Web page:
I have been working my way back into model making starting with an N gauge bus. At 6 cm long, it’s an exercise in patience and determination but it’s getting there. Some tiny vehicles to get me in the mood.

And the nail polish? It’s a modeller’s dream. You can do so much with this that you cannot do with modern acrylics. It’s as if a whole new range of paint options just opened up.

I have revived some part-done models (I’ll get to the sub, it’ll happen) and picked up where I left off with others. The model building station is smack in the middle of my living room, where it should be. It looks like this, clipped to hide the shambles I naturally live amongst.

truckIn the background are some other things I’m working on again but the truck is the main thing here. It’s a 1/72 scale fire truck but it won’t be that when it’s done. I have not yet decided on flatbed, dropside or box van. Box would be best, I think.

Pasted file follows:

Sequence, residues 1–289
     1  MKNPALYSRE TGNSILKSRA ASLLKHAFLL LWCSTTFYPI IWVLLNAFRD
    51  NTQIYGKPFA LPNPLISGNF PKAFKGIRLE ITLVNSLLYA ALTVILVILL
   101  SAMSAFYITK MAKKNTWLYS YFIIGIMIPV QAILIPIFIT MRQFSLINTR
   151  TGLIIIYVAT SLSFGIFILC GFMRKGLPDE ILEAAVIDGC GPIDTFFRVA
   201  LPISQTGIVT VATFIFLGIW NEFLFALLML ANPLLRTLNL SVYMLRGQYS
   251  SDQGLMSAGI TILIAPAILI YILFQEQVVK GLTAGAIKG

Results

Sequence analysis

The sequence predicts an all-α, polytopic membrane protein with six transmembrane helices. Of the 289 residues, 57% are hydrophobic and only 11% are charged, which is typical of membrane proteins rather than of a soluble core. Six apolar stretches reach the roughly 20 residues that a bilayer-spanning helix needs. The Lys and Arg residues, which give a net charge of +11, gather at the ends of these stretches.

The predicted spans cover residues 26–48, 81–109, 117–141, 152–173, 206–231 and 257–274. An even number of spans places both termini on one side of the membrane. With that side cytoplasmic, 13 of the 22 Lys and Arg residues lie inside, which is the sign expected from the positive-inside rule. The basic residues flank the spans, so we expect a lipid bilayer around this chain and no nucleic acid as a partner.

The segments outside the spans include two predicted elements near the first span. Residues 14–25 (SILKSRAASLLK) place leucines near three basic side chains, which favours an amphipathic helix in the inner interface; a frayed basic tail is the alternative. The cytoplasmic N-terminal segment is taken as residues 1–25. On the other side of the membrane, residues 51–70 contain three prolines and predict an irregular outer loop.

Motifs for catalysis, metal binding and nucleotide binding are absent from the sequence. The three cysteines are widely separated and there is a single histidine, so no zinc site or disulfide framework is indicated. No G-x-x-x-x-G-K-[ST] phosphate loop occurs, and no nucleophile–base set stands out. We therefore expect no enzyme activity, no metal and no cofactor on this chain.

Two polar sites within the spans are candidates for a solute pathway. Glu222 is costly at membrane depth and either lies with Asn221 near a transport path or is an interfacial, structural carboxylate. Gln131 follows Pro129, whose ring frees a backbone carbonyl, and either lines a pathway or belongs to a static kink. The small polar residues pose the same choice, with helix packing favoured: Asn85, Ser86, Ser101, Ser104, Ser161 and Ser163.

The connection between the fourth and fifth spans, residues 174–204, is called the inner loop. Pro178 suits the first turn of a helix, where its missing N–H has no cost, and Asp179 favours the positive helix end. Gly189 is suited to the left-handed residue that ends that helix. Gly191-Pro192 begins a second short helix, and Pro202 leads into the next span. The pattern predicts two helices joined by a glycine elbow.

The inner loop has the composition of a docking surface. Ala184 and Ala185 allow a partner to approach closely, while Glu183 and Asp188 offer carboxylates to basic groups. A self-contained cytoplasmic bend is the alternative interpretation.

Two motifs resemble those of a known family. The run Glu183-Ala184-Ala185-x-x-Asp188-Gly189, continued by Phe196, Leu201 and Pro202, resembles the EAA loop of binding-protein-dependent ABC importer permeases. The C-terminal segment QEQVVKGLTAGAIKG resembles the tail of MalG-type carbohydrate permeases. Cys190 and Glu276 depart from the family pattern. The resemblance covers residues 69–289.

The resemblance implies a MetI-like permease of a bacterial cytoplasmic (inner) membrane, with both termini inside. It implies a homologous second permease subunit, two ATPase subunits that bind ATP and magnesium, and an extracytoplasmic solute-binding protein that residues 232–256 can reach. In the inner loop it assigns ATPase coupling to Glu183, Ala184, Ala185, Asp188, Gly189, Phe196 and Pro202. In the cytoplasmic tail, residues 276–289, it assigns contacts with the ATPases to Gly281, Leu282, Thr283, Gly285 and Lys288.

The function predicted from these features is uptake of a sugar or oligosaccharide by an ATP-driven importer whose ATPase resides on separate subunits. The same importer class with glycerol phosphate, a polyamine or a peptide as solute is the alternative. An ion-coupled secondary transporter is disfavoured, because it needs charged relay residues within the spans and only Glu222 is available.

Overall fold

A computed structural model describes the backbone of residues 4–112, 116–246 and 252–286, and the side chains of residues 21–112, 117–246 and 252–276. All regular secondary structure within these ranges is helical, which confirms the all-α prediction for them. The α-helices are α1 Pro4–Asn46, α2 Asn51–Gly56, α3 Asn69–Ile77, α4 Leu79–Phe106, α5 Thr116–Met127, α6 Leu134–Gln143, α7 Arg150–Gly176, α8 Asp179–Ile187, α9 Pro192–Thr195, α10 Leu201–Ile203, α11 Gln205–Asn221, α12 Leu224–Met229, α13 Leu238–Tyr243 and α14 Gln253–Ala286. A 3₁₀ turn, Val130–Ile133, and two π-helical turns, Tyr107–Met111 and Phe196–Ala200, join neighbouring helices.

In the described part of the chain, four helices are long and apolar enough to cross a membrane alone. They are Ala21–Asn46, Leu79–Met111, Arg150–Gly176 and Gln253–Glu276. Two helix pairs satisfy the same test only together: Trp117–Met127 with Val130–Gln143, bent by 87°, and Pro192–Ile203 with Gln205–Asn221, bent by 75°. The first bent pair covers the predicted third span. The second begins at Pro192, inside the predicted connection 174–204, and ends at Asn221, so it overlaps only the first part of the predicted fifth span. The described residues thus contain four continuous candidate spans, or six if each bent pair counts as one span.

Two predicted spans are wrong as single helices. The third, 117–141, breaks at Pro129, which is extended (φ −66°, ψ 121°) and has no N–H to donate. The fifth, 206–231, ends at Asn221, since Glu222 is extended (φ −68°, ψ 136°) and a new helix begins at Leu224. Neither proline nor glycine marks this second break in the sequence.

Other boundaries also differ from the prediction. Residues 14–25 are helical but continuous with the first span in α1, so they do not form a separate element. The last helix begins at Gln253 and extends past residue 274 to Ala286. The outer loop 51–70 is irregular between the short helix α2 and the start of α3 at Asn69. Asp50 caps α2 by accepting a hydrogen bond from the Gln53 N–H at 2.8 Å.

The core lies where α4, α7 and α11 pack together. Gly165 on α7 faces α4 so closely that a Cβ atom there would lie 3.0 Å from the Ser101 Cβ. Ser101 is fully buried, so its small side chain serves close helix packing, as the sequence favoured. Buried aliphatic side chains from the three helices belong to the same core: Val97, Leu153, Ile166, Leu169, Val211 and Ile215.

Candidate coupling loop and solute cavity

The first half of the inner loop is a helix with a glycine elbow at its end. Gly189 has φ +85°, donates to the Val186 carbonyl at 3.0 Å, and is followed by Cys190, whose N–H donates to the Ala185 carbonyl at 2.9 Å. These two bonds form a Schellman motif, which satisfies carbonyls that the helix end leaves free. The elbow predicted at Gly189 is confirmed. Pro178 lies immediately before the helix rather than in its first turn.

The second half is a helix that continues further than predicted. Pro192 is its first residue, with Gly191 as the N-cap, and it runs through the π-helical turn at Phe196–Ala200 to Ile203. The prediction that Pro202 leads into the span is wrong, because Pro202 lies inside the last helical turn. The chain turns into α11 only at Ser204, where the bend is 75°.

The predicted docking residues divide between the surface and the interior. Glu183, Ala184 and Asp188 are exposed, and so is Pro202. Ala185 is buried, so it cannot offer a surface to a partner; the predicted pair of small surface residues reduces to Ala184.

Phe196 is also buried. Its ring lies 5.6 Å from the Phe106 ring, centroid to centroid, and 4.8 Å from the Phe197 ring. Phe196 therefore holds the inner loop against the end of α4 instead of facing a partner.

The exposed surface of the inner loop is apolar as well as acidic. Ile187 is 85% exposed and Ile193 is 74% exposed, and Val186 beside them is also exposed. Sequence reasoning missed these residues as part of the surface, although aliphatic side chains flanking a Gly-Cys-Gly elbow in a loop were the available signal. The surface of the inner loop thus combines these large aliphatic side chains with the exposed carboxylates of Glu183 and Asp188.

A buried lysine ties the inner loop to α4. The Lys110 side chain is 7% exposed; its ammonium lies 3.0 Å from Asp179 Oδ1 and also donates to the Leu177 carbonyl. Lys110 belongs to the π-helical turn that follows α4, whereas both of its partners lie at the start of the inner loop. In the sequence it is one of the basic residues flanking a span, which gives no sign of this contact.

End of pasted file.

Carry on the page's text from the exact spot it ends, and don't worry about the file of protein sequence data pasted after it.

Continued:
Clicking the pic should get you a better look. It’s painted with acrylics then dabbed with a sponge coated with sparkly nail polish as tipped by our resident nail art genius. You can get nail art sponges but I used bits ripped off a kitchen sponge, then hit with a sticky lint roller to avoid getting spongy bits in the paint.

Splatter the nail polish on the sponge, one dab on a bit of spare plastic gets most of the big sparkles off and then dab the model until it’s as sparkly as you want. Careful, overdoing it will take off the acrylic paint.

The window glazing is just a clear box display window cut to fit and stuck in with clear nail polish (they call it top and base coat). That clear polish is thick and glossy and at £1 for 10 ml it’s cheaper than acrylic clear varnish too. One tip – as soon as you feel the brush start to pull, stop and reload the brush. Otherwise it will take off all the work you’ve done.